I knew a little about wikis before being sent a review copy of Stewart’s new book, but nothing prepared me for what lay between the sheets of paper when I received it.
and WOW! again.
This book is an absolute gem!
Normally I have a real fear of reading books by North American writers; they seem to suffer from “excessive verbiage and repetitive content” syndrome. Not this book, though.
Stewart has put together a superb introduction to wikis; as the subtitle of the book says,
“a practical guide to improving productivity and collaboration in your organisation”
To give you a flavour of the content, here’s some snippets I highlighted (once I opened the book there was so much great info I had to get the yellow highlighter out and start wiping it across chunks of text):
When groups work together to find the best way to get a job done, the high quality of work is sustainable because they’re finding out the best about themselves, combining individual complimentary strengths and talents, and refining their methods at a very high level. Because they control how they work, people are more self-reflective, constructively critical of their own work, and motivated to make the best contribution possible because they take greater pride in the quality of their work.
A wiki is simply a website in which users can create and collaboratively edit pages, and easily link them together.
[Referring to the process of emails and attachments that have to be reviewed and ‘signed off’ by various parties] If you think about this visually, the email/attached document scenario has limited periods of creativity separated by the logistical and socially sensitive task of combining edits. The wiki completely changes this by shifting logistics to the shortest possible segment of time at the outset, leaving a much greater period of time for collaborative creativity and knowledge construction.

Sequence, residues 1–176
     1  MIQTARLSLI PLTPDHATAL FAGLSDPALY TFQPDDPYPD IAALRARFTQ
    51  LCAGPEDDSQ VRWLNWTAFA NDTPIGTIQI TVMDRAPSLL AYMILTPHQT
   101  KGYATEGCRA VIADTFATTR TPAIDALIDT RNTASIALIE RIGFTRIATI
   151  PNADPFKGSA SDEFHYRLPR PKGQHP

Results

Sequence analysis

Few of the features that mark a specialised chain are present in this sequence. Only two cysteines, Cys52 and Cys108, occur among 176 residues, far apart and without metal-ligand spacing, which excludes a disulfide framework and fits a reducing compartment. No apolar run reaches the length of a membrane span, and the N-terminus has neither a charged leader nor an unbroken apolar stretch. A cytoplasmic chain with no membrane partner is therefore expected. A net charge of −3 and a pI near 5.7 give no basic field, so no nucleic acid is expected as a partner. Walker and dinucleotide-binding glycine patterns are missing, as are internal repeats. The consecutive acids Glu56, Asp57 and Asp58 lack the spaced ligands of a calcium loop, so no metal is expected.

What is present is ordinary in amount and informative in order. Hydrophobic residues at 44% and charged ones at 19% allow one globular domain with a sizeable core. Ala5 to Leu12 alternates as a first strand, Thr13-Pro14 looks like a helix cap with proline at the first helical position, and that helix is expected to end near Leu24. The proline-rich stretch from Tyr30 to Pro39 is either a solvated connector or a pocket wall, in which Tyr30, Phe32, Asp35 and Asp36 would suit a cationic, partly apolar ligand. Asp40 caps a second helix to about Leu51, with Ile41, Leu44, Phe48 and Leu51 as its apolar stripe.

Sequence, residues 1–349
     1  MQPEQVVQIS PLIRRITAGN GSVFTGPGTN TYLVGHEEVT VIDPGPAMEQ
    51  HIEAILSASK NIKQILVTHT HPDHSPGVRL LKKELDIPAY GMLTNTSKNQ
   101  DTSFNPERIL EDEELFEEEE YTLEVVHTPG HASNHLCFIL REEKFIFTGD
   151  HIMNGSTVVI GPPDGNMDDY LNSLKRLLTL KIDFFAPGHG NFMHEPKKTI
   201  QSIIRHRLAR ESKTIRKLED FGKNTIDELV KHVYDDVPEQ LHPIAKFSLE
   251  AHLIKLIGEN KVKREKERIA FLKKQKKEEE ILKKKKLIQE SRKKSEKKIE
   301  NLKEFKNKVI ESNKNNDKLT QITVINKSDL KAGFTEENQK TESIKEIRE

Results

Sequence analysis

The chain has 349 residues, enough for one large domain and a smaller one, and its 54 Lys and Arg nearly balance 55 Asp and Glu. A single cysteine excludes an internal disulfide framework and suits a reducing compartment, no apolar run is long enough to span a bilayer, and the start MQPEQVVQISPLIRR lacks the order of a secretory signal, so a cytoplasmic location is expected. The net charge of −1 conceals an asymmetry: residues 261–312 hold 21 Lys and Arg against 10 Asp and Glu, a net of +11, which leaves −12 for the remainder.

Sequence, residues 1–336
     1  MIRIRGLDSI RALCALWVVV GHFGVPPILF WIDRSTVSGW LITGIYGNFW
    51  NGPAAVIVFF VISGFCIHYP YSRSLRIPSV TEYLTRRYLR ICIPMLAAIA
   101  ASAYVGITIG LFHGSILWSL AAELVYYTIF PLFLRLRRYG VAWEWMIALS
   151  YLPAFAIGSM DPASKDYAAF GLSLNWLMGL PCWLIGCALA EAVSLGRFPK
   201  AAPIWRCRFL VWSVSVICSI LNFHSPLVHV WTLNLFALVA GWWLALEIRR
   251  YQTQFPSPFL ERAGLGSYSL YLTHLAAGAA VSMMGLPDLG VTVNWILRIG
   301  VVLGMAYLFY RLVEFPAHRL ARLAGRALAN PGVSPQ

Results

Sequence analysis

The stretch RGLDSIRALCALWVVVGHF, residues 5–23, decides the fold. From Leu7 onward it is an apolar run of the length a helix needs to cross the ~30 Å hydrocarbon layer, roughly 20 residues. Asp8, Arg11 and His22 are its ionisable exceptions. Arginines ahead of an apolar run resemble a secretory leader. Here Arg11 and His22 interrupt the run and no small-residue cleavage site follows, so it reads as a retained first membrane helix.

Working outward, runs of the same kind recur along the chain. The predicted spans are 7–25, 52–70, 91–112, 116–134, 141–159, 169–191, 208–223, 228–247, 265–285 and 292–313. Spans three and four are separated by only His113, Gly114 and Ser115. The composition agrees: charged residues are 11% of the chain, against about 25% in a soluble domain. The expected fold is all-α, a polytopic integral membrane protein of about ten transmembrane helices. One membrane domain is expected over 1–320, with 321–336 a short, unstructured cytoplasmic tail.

The Web is becoming a place for the collaborative construction of information on an incredible scale, and the wiki is at the center of this transformation. Almost anyone you meet has heard of Wikipedia, and people are increasingly seeing how the wiki combines simplicity and power in a radically different, paradigm shifting way. In fact, I might venture to say that the wiki is the most significant development on the Internet since the web browser.
Imagine what could happen if you had a 3D wiki???
And all of the above quotes can be found by page 5. Imagine what insights you are going to come across by page 153?!?!
I’m already up to page 87 (Chapter 5) and I’m totally rethinking my working habits. Totally rethinking.
I even hopped over to the Social Media Training wiki and added some content, I was so inspired!
I know of a book in the pipeline this year that hasn’t been released yet. I’ve read it. It is a ‘if you only buy one book this year…’ kind of book. I now have to change my thought to:
If you only buy two books this year, make sure Wikipatterns is one of them!